It sounds too good to be true, and I hardly believe it myself. I have been doing some work for a client in Honolulu, Hawaii since January this year. It allowed me to escape the winter in Boston this year and gave me the opportunity to train in the warm winters of Hawaii. Basically winter here is low 80s, and they talk about cold fronts at night, in the mid to high 60s....
So January I packed away all my cold winter training gear and got on a plane to Hawaii. The day I arrived here, I left from 0 degrees in Boston and arrived to 80 degrees here in Honolulu. Probably most triathletes think about Hawaii, in one sense, their goal of reaching the Ironman in Kona, on the Big Island. This story is not about that, rather more of what it's like to live, train and race on the island of Oahu, on Waikiki beach.
Hawaii truly is a paradise, it's now spring here, and the sun rises before 7 and sets about 7pm ( they don't use daylight savings time here). There are mountains for hill training and open road for long rides. And since I live very close to Kapiolani Park and Diamond head, much of my running training is on the Honolulu Marathon route.
On Wednesdays I join a bikegroup from the "Island Triathlon and Bike" store. It's a group of about 7-12 per ride, and we ride past various volcanic craters and along the south shore of Oahu. They set a pretty decent pace, train paceline riding and sprints. The racing season in Hawaii starts in February with road races and end in December with the JAL Honolulu Marathon.
Race 1. Mokuleia Time Trial - 12m Bike. February
When I got my number, 65, I realized it being a time trial there would be a while for my start to come up. Anyways I warmed up. It was kind of weird not coming out of the water and into a transition area, but instead have a guy hold up while you got ready to go. Off I went, pretty straight flat road, cruising along at a good 24 mph. This is going great, I thought. The turnaround at 6 miles was fine, and then I turned, right into the wind. Going back not quite the same speed, but good enough to average 22.4 mph for the 12 miles.
Race 2. Tantalus Time Trial - 4.5m Bike. March
Well, this time, I arrived at the start, better organized (having pre-registered) I avoided any lines. Only to find that I was rider 90 something, and with 1 minute between riders, and all ghost riders (missing numbers), there would be at least 1.5 hours before I started.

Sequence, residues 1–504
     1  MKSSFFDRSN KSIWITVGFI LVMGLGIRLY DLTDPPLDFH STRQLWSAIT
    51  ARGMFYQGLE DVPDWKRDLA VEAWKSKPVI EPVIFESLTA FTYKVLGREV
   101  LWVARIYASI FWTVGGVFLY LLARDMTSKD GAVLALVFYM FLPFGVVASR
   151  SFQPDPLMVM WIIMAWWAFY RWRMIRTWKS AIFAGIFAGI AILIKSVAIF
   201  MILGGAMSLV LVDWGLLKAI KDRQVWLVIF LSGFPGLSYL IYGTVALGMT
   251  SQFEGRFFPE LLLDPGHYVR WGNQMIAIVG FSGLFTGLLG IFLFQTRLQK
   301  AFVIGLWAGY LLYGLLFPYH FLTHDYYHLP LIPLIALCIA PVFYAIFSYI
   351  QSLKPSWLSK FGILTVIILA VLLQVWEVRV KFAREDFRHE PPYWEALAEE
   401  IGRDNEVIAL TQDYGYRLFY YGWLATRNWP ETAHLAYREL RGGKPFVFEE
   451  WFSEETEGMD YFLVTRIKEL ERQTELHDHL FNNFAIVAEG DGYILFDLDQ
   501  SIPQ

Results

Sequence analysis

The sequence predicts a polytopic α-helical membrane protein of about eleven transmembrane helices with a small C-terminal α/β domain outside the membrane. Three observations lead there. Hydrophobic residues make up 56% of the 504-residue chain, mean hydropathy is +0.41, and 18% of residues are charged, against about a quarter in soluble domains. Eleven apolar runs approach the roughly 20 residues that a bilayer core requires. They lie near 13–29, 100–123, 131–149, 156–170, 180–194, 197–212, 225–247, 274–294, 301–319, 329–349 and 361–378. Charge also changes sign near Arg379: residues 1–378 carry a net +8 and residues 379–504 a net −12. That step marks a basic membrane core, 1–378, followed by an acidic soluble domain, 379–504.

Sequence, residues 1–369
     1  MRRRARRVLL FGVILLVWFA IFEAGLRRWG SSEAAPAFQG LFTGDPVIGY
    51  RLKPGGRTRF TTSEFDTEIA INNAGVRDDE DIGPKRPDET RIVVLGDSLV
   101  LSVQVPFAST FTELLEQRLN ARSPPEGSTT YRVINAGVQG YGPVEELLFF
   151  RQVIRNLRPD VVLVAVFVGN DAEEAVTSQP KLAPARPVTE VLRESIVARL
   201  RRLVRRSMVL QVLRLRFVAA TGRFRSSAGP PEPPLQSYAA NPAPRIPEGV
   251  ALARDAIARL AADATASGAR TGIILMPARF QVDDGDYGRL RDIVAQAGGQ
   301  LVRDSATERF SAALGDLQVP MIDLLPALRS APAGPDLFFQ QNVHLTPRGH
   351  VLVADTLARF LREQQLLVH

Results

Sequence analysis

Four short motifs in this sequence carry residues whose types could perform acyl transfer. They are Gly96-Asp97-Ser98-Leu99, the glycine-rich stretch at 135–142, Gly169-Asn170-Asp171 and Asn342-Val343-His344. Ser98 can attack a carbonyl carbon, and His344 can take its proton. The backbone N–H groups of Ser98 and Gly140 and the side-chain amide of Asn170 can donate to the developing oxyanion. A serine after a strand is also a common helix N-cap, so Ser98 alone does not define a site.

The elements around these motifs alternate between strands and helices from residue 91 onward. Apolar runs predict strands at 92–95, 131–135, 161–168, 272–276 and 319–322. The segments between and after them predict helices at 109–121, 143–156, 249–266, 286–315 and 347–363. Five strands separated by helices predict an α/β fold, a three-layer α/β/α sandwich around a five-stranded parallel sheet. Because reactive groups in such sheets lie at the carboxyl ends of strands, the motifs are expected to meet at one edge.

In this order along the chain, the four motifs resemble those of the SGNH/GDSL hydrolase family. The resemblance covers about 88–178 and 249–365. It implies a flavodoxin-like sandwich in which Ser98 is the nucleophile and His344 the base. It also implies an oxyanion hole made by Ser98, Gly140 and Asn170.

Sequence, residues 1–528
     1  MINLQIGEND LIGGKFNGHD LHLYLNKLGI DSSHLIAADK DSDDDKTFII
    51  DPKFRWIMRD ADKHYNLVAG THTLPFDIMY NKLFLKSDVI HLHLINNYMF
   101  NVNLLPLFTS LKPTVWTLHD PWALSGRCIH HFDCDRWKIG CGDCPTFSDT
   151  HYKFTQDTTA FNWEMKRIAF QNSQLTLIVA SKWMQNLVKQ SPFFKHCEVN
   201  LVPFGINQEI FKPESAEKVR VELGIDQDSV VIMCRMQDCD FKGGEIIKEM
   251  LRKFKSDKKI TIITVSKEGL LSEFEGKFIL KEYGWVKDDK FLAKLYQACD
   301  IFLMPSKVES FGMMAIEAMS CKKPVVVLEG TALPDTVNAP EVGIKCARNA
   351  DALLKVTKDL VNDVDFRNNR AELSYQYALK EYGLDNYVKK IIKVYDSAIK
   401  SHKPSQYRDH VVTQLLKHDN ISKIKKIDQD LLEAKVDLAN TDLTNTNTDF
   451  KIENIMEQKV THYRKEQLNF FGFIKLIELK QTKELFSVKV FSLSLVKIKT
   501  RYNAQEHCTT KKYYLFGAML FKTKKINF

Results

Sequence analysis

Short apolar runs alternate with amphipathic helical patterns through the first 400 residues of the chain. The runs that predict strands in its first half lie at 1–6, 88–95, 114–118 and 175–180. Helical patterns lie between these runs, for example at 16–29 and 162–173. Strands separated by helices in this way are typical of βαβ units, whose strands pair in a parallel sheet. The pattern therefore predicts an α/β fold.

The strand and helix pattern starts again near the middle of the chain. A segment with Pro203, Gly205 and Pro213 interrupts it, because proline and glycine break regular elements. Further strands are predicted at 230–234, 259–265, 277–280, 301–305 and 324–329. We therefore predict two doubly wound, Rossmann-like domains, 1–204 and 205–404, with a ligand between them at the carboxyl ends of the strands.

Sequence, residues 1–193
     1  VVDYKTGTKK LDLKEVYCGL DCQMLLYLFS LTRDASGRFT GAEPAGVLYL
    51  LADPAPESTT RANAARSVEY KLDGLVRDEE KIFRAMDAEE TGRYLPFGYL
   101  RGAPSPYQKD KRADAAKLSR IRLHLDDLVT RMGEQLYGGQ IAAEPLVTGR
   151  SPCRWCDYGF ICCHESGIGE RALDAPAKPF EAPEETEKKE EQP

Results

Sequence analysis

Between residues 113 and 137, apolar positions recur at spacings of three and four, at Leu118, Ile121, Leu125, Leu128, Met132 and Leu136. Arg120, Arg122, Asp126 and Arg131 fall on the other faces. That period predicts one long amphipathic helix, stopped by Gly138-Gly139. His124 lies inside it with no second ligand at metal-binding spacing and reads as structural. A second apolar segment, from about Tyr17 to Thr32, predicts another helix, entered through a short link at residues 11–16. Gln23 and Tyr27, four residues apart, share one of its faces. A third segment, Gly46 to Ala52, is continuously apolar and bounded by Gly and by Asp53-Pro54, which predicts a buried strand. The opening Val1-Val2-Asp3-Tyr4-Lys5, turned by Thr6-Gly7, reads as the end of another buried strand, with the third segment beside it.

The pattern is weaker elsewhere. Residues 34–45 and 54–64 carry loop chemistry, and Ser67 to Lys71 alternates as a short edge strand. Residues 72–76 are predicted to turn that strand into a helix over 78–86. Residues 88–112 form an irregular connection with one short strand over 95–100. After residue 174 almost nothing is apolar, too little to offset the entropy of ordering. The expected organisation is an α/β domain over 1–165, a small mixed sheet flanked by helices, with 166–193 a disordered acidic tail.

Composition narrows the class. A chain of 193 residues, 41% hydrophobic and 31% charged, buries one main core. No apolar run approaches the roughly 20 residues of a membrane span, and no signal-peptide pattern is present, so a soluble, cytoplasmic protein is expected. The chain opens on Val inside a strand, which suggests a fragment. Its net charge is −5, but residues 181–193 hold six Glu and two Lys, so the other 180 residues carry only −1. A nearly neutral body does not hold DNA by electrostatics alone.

My time finally came around, and I hammered up with all I had. There is a point at about 2 miles, where it's so steep that you just can't keep going. But I got through and went to the top in about 25.52, which up until then was my fastest time to the top. That was about 6 minutes behind the fastest guy to the top, but this is a killer climb, unlike anything close to Boston.
Race 3. Norman Tamahana 15 K Road Race. March
Race 4. Lanikai Triathlon (sprint). April
The swim was along the beach, 500 meters to a buoy, and then straight into the beach and run back to transition. The waves were big, but not unmanageable, and they kind of were going in the right direction. Good swim for me, and time to hit the bike. Got on the bike, and we had a tailwind going out, and I was catching a lot of people early. I kept saying "on your left", but the bike course was crowded. You never really found any space. It took us onto the Marine Corps base in Kaneohe, where we were safe from automobile traffic, but not the jam of all the bikes fighting into the headwind. There were USAT officials monitoring for drafting, but seriously, just too many bikes since it wasn't a wave start.
At the turnaround on the base we got some tailwind again, and hitting 40mph plus downhill in the aerobars was a great feeling, until the gusts were coming from the side again. Guess I haven't spent enough time in the aerobars this season.
Back into a fast transition and out for the last 5k, I felt great, and kept picking off guys in front. Looking at my time, I knew this race was good for me, and cruised into the finishing area. I was very satisfied with my time just under 1 hr 9 minutes, as I feel my training out here has been paying off.
So if my dream of reaching Ironman in Kona don't necessarily realize, I really appreciate this opportunity to be living out here, training on this beautiful island, racing local races and having fun. I know Boston had a tough winter this year, and I am glad I escaped it this time.
Aloha from Honolulu,